The first bite of something we crave for is most rewarding and the pleasure or craving reduces, as we eat more of what we were craving for.

“Certain places, situations, or people remind us of foods that we crave. We think about them, imagine the taste, and then plan on how to procure the food. The whole process is stimulation. Food not just evokes our taste buds but the sense of smell and sight. Most people report enjoying what they see on a plate,” she explains.

food affects mood
Your food can uplift your mood. Image courtesy: Shutterstock

Food is necessary for both physical and mental health. However, it is important that we engage in healthy eating habits, without any guilt and be mindful of our portion sizes. We need to differentiate between craving and hunger in order to make the process of eating more joyous.

Comfort food for nutrition

Parul Malhotra Bahl, Nutritionist, and Certified Diabetes Educator, and Founder at Diet Expression, offers her insights from a nutritional perspective. Here’s what she tells HealthShots, “Our favorite or so-called comfort foods vary from person to person and even culture to culture. But whatever you eat, awareness is critical. One must understand that it is not exactly the food that leads to emotion. It is the memories of love, care, and comfort attached to the food that does the magic.”

We all need this MAGIC in our lives, but let’s be practical and understand that these favorite foods are mostly unhealthy (carbohydrate and fat-rich/ processed/packaged), says Bahl.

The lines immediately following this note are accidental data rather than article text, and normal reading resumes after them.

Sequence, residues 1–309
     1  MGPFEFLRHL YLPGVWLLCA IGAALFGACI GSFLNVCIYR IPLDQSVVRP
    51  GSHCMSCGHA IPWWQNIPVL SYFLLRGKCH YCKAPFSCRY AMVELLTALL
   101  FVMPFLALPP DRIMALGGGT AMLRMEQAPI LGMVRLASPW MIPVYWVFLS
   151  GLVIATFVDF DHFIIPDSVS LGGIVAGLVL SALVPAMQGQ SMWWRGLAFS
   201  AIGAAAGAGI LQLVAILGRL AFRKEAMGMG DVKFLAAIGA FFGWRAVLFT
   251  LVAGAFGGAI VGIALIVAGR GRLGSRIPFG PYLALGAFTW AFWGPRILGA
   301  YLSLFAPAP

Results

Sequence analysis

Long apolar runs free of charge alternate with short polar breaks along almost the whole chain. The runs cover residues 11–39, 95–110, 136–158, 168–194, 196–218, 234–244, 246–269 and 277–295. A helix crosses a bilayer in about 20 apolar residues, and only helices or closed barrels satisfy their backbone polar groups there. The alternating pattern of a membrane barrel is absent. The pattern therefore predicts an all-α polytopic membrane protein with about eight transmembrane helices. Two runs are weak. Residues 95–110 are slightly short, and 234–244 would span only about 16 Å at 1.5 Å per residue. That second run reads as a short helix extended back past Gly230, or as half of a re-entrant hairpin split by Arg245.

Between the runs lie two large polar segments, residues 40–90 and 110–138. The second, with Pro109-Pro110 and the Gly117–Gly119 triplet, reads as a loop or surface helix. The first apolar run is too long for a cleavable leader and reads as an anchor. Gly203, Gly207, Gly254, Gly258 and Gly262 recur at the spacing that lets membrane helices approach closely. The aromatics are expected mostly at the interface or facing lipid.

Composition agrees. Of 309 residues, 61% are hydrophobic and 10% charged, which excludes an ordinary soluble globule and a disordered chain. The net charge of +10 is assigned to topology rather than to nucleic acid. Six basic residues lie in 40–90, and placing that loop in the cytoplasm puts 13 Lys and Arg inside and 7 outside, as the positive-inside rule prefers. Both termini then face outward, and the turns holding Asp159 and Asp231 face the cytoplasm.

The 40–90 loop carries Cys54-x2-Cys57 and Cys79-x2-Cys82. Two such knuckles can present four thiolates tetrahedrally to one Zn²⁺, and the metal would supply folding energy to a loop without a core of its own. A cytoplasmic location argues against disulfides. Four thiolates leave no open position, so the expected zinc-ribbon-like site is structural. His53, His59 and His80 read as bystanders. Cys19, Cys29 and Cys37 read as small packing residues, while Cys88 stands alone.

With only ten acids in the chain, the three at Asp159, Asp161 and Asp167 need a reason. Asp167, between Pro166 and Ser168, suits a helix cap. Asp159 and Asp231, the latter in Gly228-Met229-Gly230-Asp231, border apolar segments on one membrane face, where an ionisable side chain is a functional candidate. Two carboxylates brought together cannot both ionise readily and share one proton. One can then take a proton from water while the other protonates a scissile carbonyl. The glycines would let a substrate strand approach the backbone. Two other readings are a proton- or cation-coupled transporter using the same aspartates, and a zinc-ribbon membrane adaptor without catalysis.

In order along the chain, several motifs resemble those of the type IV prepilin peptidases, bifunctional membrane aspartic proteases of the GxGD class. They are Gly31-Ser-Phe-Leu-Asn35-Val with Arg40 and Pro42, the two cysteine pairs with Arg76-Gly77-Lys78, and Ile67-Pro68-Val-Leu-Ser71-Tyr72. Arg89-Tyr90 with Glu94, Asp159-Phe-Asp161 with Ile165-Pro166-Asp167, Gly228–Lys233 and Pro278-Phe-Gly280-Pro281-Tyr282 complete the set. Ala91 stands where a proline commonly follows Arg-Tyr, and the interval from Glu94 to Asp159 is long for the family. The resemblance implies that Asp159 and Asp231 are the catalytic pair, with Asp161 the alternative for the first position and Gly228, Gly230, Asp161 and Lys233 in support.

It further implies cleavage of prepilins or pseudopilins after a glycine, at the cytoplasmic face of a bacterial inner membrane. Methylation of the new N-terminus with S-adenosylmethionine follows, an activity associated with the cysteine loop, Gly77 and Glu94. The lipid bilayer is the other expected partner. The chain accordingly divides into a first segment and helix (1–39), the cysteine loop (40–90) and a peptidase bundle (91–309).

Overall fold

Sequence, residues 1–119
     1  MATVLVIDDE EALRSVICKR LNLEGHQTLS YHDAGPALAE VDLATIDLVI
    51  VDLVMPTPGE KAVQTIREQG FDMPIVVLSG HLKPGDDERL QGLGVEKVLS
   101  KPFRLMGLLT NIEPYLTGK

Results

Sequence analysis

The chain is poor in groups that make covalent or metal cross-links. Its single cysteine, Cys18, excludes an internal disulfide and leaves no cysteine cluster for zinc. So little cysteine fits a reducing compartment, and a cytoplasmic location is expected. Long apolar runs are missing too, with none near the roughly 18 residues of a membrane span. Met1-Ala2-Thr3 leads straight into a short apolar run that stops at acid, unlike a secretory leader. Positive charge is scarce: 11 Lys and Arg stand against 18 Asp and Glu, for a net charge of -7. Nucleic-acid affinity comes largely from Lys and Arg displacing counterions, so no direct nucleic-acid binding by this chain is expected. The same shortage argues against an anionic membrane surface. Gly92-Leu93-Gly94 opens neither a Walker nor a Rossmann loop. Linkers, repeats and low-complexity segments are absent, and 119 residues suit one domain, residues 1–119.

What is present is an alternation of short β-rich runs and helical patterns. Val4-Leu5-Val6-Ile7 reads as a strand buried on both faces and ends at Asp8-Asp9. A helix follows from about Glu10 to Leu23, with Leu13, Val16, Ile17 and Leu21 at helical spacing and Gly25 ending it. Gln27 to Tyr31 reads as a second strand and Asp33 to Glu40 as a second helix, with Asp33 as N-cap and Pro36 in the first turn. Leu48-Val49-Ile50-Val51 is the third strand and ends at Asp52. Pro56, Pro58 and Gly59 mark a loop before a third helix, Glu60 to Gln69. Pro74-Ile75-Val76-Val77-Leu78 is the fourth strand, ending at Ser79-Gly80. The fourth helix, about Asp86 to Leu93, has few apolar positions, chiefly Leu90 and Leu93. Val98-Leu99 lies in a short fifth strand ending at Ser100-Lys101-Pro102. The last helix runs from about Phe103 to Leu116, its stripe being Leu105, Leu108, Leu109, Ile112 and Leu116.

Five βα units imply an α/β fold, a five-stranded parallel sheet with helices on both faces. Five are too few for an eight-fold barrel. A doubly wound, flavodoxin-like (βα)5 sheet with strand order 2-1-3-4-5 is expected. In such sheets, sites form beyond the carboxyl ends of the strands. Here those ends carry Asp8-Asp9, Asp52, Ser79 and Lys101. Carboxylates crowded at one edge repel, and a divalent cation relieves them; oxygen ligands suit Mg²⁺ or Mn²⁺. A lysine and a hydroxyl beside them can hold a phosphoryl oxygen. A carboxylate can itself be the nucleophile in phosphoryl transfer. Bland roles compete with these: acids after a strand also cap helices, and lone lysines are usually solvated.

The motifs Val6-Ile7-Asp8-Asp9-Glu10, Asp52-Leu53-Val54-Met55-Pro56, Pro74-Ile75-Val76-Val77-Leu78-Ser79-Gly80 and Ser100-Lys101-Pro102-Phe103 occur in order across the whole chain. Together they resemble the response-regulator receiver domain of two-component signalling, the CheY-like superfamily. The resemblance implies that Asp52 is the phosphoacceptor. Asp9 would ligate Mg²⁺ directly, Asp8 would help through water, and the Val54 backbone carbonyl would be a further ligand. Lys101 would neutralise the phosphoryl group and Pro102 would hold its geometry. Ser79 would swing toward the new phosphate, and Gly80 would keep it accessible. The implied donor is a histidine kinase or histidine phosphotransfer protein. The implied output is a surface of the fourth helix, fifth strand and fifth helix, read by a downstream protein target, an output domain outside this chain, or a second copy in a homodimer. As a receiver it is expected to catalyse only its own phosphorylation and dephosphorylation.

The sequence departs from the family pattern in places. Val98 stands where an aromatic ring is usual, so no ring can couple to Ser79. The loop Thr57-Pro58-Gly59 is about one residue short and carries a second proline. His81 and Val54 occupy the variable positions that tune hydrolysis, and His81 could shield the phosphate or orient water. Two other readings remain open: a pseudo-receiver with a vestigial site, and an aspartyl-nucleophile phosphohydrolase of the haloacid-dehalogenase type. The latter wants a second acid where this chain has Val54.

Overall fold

“In the current scenario where there is so much uncertainty in our lives, leading to stress, life has become more sedentary. Mindless indulgence in your favourite foods will leave you with long-term diseases. Only a balanced approach will help you live the MAGIC without any long-term consequences,” she adds.

avoid stress eating
Don’t forget your health in the pursuit of comfort foods. Image courtesy: Shutterstock

An occasional indulgence, say once in 10 days, will not only give you that dopamine happiness, but will also help you eliminate stress and anxiety for a while.

“Live the MAGIC for that moment and it would be enough to fuel you to get back in action, much more recharged. Be aware this is momentary happiness, so live it, feel it, and get back to a healthy eating routine, until you are ready for the next MAGICAL experience,” says Bahl.

Manage your food cravings

Bahl says that in case you engage in an unplanned indulgence, become AWARE of what are your feelings at that moment. Do any of the following or all these actions, and help control those unnecessary cravings.

1. Write down the emotions that are troubling you and think of all the good old comforting memories that will help you relax at that moment. Let the happy memories be mentioned right beside your current emotions. It will immediately relax you.

2. Listen to happy music.

3. Dance to happy tunes.

In the end, all we are looking for is simple joy and happiness. So, let’s get it the right way.